The following side effects have been reported by at least 1% of people taking this medication. Many of these side effects can be managed, and some may go away on their own over time.

Contact your doctor if you experience these side effects and they are severe or bothersome. Your pharmacist may be able to advise you on managing side effects.

  • fungal infections
  • itching, rash, redness, or other irritation of the skin occurring after treatment

In most cases where small areas are covered, side effects associated with absorption of the antibiotic are very unlikely.

Some people may experience side effects other than those listed. Check with your doctor if you notice any symptom that worries you while you are taking this medication.

Are there any other precautions or warnings for this medication?

Before you begin using a medication, be sure to inform your doctor of any medical conditions or allergies you may have, any medications you are taking, whether you are pregnant or breast-feeding, and any other significant facts about your health. These factors may affect how you should use this medication.

Absorption: This medication may be absorbed in significant amounts if it is used over exceptionally large areas of the body. People who are covering more than 30% of their body surface area should discuss with their doctor how this medication may affect their medical condition, how their medical condition may affect the dosing and effectiveness of this medication, and whether any special monitoring is needed.

Allergic reactions: Some people who are allergic to neomycin, paromomycin, or kanamycin also experience allergic reactions to framycetin. Before you use these dressings, inform your doctor about any previous adverse reactions you have had to medications. Contact your doctor at once if you experience signs of an allergic reaction, such as skin rash, itching, difficulty breathing or swelling of the face and throat.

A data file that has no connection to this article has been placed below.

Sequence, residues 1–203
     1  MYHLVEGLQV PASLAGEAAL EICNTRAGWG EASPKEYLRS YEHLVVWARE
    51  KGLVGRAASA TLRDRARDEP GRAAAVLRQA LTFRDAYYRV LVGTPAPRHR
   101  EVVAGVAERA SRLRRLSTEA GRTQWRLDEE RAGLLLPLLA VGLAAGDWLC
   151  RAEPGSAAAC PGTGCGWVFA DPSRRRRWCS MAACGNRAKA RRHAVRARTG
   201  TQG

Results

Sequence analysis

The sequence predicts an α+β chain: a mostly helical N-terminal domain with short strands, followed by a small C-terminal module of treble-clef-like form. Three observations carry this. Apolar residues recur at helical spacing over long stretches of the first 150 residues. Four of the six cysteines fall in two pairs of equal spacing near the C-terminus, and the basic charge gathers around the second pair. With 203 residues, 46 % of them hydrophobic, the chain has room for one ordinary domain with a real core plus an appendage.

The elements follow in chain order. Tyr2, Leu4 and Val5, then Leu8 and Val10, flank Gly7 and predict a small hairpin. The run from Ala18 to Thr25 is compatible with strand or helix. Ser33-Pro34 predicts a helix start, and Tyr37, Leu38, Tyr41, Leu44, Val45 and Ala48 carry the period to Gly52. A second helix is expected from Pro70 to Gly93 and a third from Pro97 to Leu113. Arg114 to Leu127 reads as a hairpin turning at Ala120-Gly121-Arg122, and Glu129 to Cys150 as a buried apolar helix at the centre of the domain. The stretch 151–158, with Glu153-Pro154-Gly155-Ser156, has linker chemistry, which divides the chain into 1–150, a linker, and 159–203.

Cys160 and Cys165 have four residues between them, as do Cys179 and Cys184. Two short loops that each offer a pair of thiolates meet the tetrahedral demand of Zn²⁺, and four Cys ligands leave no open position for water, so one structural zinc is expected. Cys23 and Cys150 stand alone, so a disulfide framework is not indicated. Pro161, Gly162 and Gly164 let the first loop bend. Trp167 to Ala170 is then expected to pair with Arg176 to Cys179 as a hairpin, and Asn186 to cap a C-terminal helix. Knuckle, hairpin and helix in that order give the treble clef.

Prolonged use: Prolonged use of framycetin may cause the overgrowth of certain bacteria, fungi, or other organisms that are not killed by the medication. This can cause other infections, such as yeast infections, to develop. Contact your doctor if the area being treated is not improving or is worsening.

What other drugs could interact with this medication?

There are no significant drug interactions with framycetin sulfate, except in the unlikely case that over 30% of your body surface area is covered with the dressing. Talk to your doctor about potential drug interactions in such a case.

Tell your doctor or prescriber about all prescription, over-the-counter (non-prescription), and herbal medications that you are taking. Also tell them about any supplements you take. Since caffeine, alcohol, the nicotine from cigarettes, or street drugs can affect the action of many medications, you should let your prescriber know if you use them. Depending on your specific circumstances, your doctor may want you to:

  • stop taking one of the medications,
  • change one of the medications to another,
  • change how you are taking one or both of the medications, or
  • leave everything as is.

An interaction between two medications does not always mean that you must stop taking one of them. Speak to your doctor about how any drug interactions are being managed or should be managed.